Table of the Modified Mercalli Intensity Scale
    Intensity Characteristics
    I Shaking not felt under normal circumstances.
    II Shaking felt only by those at rest, mostly along upper floors in buildings.
    III Weak shaking felt noticeably by people indoors. Many do not recognize this as an earthquake. Vibrations similar to a large vehicle passing by.
    IV Light shaking felt indoors by many, outside by few. At night, some were awakened. Dishes, doors, and windows disturbed; walls cracked. Sensation like a heavy truck hitting a building. Cars rock noticeably.
    V Moderate shaking felt by most; many awakened. Some dishes and windows will be broken. Unstable objects overturned.
    VI Strong shaking felt by all, with many frightened. Heavy furniture may move, and plaster breaks. Damage is slight.
    VII Very strong shaking sends all outdoors. Well-designed buildings sustain minimal damage; slight-moderate damage in ordinary buildings; considerable damage in poorly built structures.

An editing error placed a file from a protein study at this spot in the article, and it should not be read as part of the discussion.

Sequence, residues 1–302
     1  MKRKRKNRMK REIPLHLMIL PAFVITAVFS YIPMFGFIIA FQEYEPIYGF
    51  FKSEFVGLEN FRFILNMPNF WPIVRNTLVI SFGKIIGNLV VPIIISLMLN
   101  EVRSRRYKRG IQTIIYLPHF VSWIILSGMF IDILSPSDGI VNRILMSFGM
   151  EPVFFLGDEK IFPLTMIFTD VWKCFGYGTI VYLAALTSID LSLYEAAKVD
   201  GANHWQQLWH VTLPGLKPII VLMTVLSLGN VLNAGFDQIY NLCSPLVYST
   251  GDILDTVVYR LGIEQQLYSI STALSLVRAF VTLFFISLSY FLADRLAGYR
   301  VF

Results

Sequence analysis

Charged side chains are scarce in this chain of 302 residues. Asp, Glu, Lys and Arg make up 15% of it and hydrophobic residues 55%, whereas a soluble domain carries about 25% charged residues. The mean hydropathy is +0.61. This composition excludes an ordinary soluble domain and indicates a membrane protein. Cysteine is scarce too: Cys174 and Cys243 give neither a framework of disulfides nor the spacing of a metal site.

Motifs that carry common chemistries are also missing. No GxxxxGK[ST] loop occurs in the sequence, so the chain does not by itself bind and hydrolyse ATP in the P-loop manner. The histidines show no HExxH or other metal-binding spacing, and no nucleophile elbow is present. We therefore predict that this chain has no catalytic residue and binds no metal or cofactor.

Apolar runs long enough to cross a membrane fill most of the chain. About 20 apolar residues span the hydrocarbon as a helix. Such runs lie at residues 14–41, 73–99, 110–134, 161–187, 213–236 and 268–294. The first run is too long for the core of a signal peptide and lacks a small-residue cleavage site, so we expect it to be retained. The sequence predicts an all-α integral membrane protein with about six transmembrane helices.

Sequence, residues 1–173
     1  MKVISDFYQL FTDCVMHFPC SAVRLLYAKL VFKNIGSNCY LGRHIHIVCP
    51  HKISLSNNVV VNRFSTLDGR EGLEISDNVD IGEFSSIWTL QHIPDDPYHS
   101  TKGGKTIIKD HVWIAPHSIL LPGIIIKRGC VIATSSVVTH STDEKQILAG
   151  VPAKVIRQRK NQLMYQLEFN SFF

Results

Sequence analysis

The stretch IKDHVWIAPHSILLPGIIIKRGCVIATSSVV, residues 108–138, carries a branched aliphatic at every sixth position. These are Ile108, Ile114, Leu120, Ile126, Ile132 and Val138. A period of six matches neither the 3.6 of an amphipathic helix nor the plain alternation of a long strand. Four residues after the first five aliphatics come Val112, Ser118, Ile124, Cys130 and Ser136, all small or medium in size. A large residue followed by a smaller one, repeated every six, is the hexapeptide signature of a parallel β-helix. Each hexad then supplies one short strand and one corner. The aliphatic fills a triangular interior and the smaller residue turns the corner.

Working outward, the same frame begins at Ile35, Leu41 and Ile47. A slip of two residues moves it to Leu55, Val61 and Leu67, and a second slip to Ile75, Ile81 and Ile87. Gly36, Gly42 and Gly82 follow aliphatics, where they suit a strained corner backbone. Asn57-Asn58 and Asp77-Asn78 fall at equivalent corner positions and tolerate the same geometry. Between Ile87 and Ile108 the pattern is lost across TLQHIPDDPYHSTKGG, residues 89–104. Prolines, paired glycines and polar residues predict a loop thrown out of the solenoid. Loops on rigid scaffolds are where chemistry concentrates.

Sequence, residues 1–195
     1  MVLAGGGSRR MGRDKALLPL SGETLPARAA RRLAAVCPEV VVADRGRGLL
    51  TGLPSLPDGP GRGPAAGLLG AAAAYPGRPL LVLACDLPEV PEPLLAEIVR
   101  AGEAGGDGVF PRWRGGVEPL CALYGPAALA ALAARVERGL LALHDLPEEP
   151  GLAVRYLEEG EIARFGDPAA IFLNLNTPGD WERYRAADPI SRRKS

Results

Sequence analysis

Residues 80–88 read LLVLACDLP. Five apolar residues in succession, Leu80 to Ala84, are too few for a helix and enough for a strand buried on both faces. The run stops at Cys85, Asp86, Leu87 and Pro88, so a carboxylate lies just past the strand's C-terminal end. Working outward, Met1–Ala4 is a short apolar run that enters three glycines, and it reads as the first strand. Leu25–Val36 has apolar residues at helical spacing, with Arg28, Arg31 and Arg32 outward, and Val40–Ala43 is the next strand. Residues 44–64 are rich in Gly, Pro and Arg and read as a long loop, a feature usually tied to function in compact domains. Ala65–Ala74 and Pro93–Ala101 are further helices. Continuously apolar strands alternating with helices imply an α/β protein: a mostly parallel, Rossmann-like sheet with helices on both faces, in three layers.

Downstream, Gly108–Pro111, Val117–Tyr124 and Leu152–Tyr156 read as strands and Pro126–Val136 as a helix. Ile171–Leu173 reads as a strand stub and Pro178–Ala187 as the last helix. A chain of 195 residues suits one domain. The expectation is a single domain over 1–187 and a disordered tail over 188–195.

VIII Severe shaking. Well-designed buildings sustain slight damage; considerable damage in ordinary buildings; great damage in poorly built structures.
    IX Violent shaking. Well-designed buildings sustain considerable damage; buildings are shifted off foundations, with some partial collapse. Underground pipes are broken.
    X Extreme shaking. Some well-built wooden structures are destroyed; most masonry and frame structures are destroyed. Landslides considerable.
    XI Few structures are left standing. Bridges are destroyed, and large cracks open in the ground.
    XII Total damage. Objects thrown upward in the air.

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    Earthquake Magnitude